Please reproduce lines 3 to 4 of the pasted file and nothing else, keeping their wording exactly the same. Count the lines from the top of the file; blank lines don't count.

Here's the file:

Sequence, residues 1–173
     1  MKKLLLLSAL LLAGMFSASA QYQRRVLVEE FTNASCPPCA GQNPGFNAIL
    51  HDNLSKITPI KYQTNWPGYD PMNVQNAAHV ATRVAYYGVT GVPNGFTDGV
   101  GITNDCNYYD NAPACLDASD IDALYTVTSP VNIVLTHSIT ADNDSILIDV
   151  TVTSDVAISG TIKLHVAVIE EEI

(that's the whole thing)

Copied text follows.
    51  HDNLSKITPI KYQTNWPGYD PMNVQNAAHV ATRVAYYGVT GVPNGFTDGV
   101  GITNDCNYYD NAPACLDASD IDALYTVTSP VNIVLTHSIT ADNDSILIDV